Thanks to our colleagues at CACF, the community had already begun patrolling Bobalito in anticipation of Red Rockette nesting—long hours of walking slowly up and down the many kilometers of beach. However, now that we know Red Rockette has nested on Bobalito once already, even more community members will begin patrolling the beach to increase our chance of finding the turtle next time.

It is difficult to communicate with Bobalito—there is minimal cell coverage and Internet access. But CACF is working hard on our behalf to establish a communication chain that will allow our updates of Red Rockette’s positions to reach the community quickly.

Now we have to hope for a couple of things: We have to hope that Red Rockette’s satellite tag keeps transmitting and we have to hope that she chooses to nest on Bobalito again. If she moves even a little to the east near the community of Mulatos the odds of finding her aren’t as good. The beach at Mulatos is very long and the sea turtle program there is only just beginning.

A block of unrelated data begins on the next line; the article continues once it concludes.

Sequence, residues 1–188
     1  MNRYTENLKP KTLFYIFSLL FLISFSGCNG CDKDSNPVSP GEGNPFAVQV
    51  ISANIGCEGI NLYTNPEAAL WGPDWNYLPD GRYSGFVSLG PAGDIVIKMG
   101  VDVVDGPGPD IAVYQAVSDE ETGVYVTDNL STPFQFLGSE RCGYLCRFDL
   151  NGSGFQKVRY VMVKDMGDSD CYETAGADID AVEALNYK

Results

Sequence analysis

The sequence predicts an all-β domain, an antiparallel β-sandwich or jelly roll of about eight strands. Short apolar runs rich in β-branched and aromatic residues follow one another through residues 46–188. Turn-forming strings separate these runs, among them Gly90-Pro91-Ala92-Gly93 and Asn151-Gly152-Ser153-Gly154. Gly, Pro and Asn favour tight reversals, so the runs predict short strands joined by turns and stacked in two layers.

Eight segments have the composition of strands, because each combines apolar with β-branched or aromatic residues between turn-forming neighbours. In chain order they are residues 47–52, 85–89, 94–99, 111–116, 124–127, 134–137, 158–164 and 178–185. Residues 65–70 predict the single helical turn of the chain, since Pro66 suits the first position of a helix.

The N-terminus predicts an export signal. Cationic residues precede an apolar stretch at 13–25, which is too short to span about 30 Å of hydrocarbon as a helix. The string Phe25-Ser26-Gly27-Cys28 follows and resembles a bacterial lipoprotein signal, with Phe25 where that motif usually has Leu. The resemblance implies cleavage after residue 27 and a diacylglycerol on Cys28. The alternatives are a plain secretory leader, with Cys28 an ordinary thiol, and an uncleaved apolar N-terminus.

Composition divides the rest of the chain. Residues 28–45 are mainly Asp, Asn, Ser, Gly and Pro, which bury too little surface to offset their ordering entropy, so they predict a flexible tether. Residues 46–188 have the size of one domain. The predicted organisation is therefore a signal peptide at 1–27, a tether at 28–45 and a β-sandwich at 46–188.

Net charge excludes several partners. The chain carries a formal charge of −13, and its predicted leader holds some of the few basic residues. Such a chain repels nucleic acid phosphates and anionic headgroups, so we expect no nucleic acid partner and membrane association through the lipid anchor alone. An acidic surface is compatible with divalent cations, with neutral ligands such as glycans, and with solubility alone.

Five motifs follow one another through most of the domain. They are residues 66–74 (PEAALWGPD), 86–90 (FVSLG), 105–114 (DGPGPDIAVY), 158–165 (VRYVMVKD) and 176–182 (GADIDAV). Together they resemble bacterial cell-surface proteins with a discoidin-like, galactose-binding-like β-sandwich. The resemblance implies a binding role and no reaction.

So now—again—we wait!

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On turtle time

This is the part where we feel like kids waiting for a birthday. When will the turtles nest? Today? Tomorrow? Three weeks from now? Our team is on alert, counting the days and hours between satellite uploads, texting and calling each other late into the night when the data comes in.

And all the while, Red Rockette is behaving in classic leatherback fashion, swimming around the nesting area, probably mating.

To be honest, it’s a bit frustrating.

Check out this map.

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There she is, super close to the beach on March 14. Then, she bounces out of the Gulf of Uraba a little on the morning of the 16th. We wonder all that day if she’s heading somewhere else, when she swims back closer to shore again that evening. We wait. Our colleagues on the nesting beaches—with whom we are in constant email contact—are prepared for her possible arrival.

Then when we hear from her again on March 18, she’s off again, away from the beach.

“This is completely normal behaviour,” says leatherback scientist Dr. Mike James.

Normal. And frustrating. And exciting.

Because in this world, where we have instant access to so many answers, there is something marvelous about being held in complete suspense.